What Size Tractor Do I Need: A Buying Guide

What Size Tractor Do I Need: A Buying Guide

Posted on Jan 15, 2021

When you leave the push mower category and start exploring tractors, you’ll find there are four basic types of equipment available: riding lawn mowers, sub-compact tractors, compact tractors and finally, utility tractors. There is a fifth group made up of specialty tractors that are designed to handle specific types of work, which we’ll leave out of the break down for today. That said, which category out of the basic four and the features you should choose has a lot to do with property size and how you plan to be using your equipment. We’ll answer questions like what size tractor do I need for ½ an acre, 2+ acres, etc., and help you gain a better understanding of tractor sizes overall. Here’s what beginners need to know to decide between each category.

Riding Lawn Mowers: Best for Lawn Care & Mowing

Riding lawn mowers, also known as lawn tractors, are the entry-level option. There are two basic types: a traditional riding tractor and zero turn mowers, which are controlled by levers. Both types of equipment are primarily used for mowing, making the deck size and type among the two most important considerations for property owners shopping the category. Depending on model specifics, you’ll find this type of equipment is suitable for mowing properties sized anywhere from ½ an acre to 3+ acres. Your terrain is another important consideration. Traditional lawn tractors are effective on mixed terrain while zero turns should never be used on hilly properties as they can tip over posing a danger to the rider and the equipment. Traditional riding mowers can also help tackle lighter DIY backyard needs. For those wanting to garden and take care of additional chores, it’s important to gain a good understanding of the compatible attachments as well as accessories of the model you’re considering.

Sub-Compact Tractors: For a Little More Muscle

Sub-compacts are the next level up on the tractor ladder, helpful in managing 2+ acre properties. They can do all the things that a riding lawn mower can, including maintain a manicured lawn, but on average have stronger horsepower and therefore can deliver more power to more substantial implements and attachments like loaders. This equipment is a great option for those with larger residences, homeowners who plan on doing a little more work with their equipment, and they are also commonly used by smaller farmers who need additional equipment that’s more compact for lighter chore work like getting hay to livestock or removing old padding, and so on.

Compact Tractors: Small & Powerful Task Management

When your property is 10+ acres, or your required tasks rely on heavier tools than a 24 horsepower sub-compact can manage, a compact tractor is your first stop. This category is ideal for homesteaders and professional farming operations and is prized for its comparatively small size and therefore maneuverability. Compacts still allow you to manage mowing either with a mid-mount deck or pull-behind rotary cutter, which is a helpful implement if you’re facing rough terrain and vegetation. You’ll find a wider range in horsepower and subsequent working capacity as well as options with traditional gear transmissions or hydrostatic options and of course heavier implements and attachments. Geared transmissions operate a lot like a stick shift in a car while hydrostatic can be likened to working more like an automatic car would, making easier work of repetitive tasks. What you can accomplish with a compact is fairly wide ranging, from lawn care and earthmoving activities to snow removal and just about everything in-between. Horsepower and PTO play a big role both in the types of activities you can do with this equipment as well as how quickly you can accomplish those activities. For instance, a machine with a stronger engine and horsepower can lift heavier rocks and move them more quickly than one with less horsepower. It’s also important to understand that doing more than your machine is capable of without the right tool or power source can break your tractor, which is true of equipment in every category.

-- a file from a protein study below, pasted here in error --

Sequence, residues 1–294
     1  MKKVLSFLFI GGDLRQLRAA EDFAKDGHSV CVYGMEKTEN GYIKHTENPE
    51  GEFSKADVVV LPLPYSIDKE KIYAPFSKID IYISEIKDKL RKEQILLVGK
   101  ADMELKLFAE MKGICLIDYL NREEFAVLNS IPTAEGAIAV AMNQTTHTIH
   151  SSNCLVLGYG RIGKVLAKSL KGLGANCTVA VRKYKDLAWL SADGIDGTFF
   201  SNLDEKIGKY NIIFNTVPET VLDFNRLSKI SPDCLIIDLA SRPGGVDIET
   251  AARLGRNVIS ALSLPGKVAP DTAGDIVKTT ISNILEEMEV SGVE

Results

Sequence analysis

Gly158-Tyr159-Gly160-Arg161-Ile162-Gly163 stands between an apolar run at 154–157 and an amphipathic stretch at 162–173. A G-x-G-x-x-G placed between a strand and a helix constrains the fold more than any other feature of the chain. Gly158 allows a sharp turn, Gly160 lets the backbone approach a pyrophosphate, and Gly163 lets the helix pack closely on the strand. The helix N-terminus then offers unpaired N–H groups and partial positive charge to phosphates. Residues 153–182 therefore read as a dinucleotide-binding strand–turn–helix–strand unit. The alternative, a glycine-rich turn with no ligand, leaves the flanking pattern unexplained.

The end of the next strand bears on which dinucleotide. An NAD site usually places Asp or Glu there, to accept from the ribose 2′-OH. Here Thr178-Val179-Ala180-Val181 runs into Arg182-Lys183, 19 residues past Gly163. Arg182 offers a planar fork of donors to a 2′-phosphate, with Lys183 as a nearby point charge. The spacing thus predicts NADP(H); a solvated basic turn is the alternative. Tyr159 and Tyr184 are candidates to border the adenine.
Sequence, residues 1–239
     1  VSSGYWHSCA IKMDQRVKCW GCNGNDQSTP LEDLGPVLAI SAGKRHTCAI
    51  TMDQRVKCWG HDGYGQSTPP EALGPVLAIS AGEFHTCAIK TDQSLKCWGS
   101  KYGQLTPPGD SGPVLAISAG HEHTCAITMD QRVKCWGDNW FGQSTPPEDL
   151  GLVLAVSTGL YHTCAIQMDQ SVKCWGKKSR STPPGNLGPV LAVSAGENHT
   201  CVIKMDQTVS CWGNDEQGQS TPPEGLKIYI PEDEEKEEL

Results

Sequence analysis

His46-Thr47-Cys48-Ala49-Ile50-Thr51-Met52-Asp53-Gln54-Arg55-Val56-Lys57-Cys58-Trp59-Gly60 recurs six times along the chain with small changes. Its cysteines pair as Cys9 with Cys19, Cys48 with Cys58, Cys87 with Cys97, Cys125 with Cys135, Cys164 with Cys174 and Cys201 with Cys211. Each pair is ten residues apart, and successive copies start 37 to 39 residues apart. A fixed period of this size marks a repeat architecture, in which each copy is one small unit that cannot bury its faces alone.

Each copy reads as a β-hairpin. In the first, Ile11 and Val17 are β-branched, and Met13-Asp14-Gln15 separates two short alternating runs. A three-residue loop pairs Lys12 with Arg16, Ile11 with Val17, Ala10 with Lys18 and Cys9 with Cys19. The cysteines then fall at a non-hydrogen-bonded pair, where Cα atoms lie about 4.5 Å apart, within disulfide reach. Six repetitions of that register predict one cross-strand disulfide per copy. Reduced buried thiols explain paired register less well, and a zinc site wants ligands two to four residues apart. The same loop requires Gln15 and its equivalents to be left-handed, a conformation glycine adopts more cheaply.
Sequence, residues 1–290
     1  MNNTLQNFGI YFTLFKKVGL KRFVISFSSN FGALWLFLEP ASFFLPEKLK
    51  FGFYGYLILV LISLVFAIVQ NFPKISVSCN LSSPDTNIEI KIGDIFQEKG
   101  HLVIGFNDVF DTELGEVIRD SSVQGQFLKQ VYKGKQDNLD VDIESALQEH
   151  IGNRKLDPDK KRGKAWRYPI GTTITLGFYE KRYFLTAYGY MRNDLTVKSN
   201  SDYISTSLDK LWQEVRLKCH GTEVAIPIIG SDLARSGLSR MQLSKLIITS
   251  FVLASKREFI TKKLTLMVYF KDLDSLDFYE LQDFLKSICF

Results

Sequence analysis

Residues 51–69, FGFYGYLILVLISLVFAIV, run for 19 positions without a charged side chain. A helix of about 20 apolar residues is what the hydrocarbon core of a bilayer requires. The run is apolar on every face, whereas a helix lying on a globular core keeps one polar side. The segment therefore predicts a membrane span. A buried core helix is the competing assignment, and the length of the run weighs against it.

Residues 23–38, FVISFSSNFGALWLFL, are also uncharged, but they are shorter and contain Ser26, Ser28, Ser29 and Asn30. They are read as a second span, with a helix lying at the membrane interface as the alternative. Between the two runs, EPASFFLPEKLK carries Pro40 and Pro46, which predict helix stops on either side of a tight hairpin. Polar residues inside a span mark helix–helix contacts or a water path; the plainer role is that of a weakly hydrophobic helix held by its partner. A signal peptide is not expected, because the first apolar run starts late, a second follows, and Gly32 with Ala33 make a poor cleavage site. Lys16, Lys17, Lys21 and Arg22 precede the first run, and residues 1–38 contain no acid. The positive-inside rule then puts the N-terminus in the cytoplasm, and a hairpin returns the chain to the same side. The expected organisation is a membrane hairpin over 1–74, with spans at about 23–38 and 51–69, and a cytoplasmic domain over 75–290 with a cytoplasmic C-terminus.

Utility Tractors: Built for Tough Jobs & Strength

Utility tractors are a good fit for bigger properties, think 25+ acres, with larger jobs and are largely associated with for-profit farming. This equipment can be used for professional hay bailing, row crop management, animal farming, ranching work and beyond. You can also accomplish mowing with these machines but they’re better suited for managing fields with rotary style mowers rather than grooming a front yard. They can also be used for municipal and construction work as well. Utility tractors tackle all the basic tasks that compacts can but pack a whole lot more power and therefore, a whole lot more punch and, you guessed it, even tougher implements and attachments. As a point of reference, we’re talking more than triple the horsepower of a compact tractor, depending on the model. You’ll also find more farming tech and comfort features integrated into these types of machines to reduce down time, fatigue from multi-step and repetitive tasks, as well as noise and overall efficiency, many of which come standard. Though it’s also worth noting that there are still a considerable number of options and upgrades available. For instance, variance in PTO and transmission options also come into play here, so you can expect more choices as different operations benefit more from one type over another. 

Want to learn more about tractor sizes or a specific category? Check out our blog on the dos and don’ts of picking a riding tractor or read about compact tractors here. You can also contact your closest Ag-Pro dealership for assistance from one of our friendly and knowledgeable associates or to schedule a demo and see our inventory in-person.
 

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